“Please allow me to introduce myself. I am the Marchese Salvini. Lorenzo Salvini.” He took out his wallet, pulled a card from it and handed it to her. Months before he had found a small stack of Lorenzo Salvini’s cards, secured by a rubber band, lying on the top of the rubbish Gino had put out to be collected. Some of them were yellowed, but he had salvaged a dozen or so from the center that were quite presentable. She dropped the card into her bag without looking at it, and Pippo made a mental note to retrieve it later. He had only a few left.
“I’m beginning to think the person I’m waiting for isn’t coming.” She craned her neck about to check on recent arrivals, and her breasts strained against their silken prison.
“I’d be very happy to give you a lift.” He realized now that she wasn’t wearing stockings, though when he had studied her from across the room, he had assumed she was, simply because her legs were so tanned. Furthermore, she wasn’t wearing a brassiere. She was, he would have bet his last lire, absolutely naked except for her dress. “I think you can be fairly sure your friend is not going to come.”
“He is very unreliable.” She pulled the coat from her arm and swung it around her shoulder.
“Your bags?” Pippo asked.
“There’s only this one.” She touched a small satchel on the floor with the toe of her shoe. “I’ve come down for some fittings and I’ll only be here overnight.”
Pippo had a struggle concealing his astonishment. He thought of his mother’s dressmaker, who came to their apartment, and the patterns and pins and material and thread that littered the dining table, This woman plainly dwelt on dizzy heights of luxury. He was glad he had chosen Lorenzo Salvini’s identity instead of a half-dozen others that he could lay claim to with the cards in his wallet. He picked up her bag and gripped her arm. “You have an appointment then?” he said, guiding her toward the door.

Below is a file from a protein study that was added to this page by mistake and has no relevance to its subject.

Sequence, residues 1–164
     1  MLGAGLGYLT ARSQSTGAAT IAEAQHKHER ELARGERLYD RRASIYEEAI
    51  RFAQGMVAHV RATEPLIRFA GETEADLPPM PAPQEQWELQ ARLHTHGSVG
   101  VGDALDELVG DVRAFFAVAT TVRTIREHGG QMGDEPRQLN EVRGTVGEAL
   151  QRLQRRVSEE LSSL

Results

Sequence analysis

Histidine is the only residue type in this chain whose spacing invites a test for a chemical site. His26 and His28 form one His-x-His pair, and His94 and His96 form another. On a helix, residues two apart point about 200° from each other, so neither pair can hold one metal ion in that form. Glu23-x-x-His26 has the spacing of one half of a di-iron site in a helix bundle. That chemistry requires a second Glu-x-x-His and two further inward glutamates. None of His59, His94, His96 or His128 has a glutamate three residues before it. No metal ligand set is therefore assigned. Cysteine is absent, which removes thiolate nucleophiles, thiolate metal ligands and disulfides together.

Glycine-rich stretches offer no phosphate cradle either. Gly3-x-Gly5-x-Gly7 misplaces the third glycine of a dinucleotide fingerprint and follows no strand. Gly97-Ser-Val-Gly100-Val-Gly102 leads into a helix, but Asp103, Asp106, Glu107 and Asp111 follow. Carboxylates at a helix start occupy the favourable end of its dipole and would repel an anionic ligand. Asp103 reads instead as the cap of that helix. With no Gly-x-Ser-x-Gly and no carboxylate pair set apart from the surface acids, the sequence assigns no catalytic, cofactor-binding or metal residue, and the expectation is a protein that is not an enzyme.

“At four,” she said.
“Ah, well. That’s a long time off. I, too, have an appointment this afternoon. But meanwhile we can have a leisurely lunch.” He waved the bag at Sergio as they approached the car. “No luck with my lost briefcase, but look what I found instead.” Sergio, who had been leaning against the Jaguar, stood up and registered surprise and pleasure. It had frequently been observed that Pippo and Sergio complemented each other because Pippo was dark and Sergio was fair, and Pippo was garrulous and Sergio was quiet. It was also true that Pippo was bright and that Sergio’s wits were ever so slightly blunted, and that this was the basis of their friendship. “My friend, Principe Borgia,” Pippo said.
“Sergio Borgia,” Sergio amended with aristocratic modesty. His responses weren’t up to coping with a first name that wasn’t his own.
“I am Amanda West,” the American woman said in her sleepy child’s voice.
“Sergio doesn’t speak English, I’m afraid,” said Pippo. “You speak Italian?”
“No. None. None at all.” Amanda said.
“Ah, what a pity,” he pretended. It was instead a great advantage to be able to converse with Sergio in a language she
didn’t understand. “Well,” he sighed, “I shall have to act as interpreter.” He got in beside Amanda and addressed Sergio in Italian. “You did bring the keys to the Fregene house. didn’t you?”
“Of course,” said Sergio.
§ § §